Trade fair review
Dressler Group at formnext 2017
There are companies. Then there are companies whose opinions are listened to. Feedback from the many visitors at its trade fair stand demonstrated that Dressler Group belongs to the latter group. This is in no small part due to the announcement by HP Inc. (formerly Hewlett Packard) shortly before the start of the trade fair that it has chosen Dressler Group as a Preferred Partner for developing and manufacturing powder for 3D printing.
Dressler Group (DG) impressed with its expertise in plastic grinding and optimisation at the very well attended formnext 2017. For almost four decades, it has been researching and developing, largely planning and building its systems itself, to precisely design customer raw materials for ever more challenging applications. It has recently also won over HP Inc. with this approach: from now on, Dressler Group will take on the development and manufacture of plastic powder for HP Multi Jet Fusion 3D printers as a Preferred Partner of HP. DG will also ensure, on behalf of HP, that the suppliers of raw materials deliver the required specifications.
DG as an opinion leader
“One of the many trade fair highlights for us was the fact that we were visited by many raw material and 3D printing machine manufacturers, producers, university representatives and students, in addition to existing and prospective customers,” says Jan Dressler, CEO and Managing Partner of Dressler Group. “This shows that not only our actual services are in demand, but also our all-round expertise and opinions.”
What makes DG special for trade fair visitors and customers
Topics with which the Dressler Group was particularly able to impress trade fair visitors included the performance of its various processes, the characteristics of the powders (including filled powders) with regard to their flow properties and flame protection, flexibility, delivery reliability and customer-specific packaging.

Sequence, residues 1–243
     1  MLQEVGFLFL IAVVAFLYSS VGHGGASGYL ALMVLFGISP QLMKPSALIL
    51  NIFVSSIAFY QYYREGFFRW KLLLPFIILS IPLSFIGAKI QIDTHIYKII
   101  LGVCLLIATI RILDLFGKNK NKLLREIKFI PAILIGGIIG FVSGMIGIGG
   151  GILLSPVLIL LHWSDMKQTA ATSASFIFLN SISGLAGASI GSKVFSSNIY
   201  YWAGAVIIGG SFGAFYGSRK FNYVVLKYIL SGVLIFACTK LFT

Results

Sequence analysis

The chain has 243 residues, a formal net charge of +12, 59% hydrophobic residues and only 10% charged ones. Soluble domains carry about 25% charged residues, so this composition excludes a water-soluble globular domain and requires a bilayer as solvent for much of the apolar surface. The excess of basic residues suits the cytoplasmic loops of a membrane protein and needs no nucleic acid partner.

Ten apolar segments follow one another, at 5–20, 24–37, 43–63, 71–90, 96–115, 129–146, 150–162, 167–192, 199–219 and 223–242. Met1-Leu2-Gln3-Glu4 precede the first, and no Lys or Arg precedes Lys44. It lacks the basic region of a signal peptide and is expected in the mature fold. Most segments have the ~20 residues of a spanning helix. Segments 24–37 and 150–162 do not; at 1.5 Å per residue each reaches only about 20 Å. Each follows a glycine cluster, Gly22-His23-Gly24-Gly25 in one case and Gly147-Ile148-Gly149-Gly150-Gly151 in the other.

Seamless documentation ensures that exactly the same specification can be identified and accessed in the desired quantity, even years later. In principle, anything is possible, from test grinding of a few grams up to large quantities of several hundred tonnes. DG has also earned itself a reputation for not only gaining the best from the raw material in terms of quality, but also the most in terms of quantity. A high material yield also saves resources and protects the environment while ensuring maximum cost-effectiveness for high-value raw materials.
The question of future trends is staple content of a trade fair. For example, where DG sees the best potential for material quality and powder optimisation – and, above all, what it is working on. "For us, it is not necessarily the case that fine must always be made even finer," says Jan Dressler. "After all, fineness is not an end in itself, but must have a specific benefit. For instance, depending on the application, grain sizes of around 125 µ are well suited to 3D printing." In contrast, he considers grain shape to be much more important: "We see many advantages for powder shapes that are as round as possible. This improves flow properties, print quality and the reliability of machines."
DG is therefore currently working on machinery that optimises the grain shape. And that's not all: "Besides 3D printing, medical technology is an important industry for us," says Axel Dressler, also Managing Partner at Dressler Group. "In the future, we want to be able to manufacture under GMP conditions in virtually all plants. Our extensive experience with cleanroom manufacturing and our approval from the Food and Drug Aministration in the US helps us in this respect."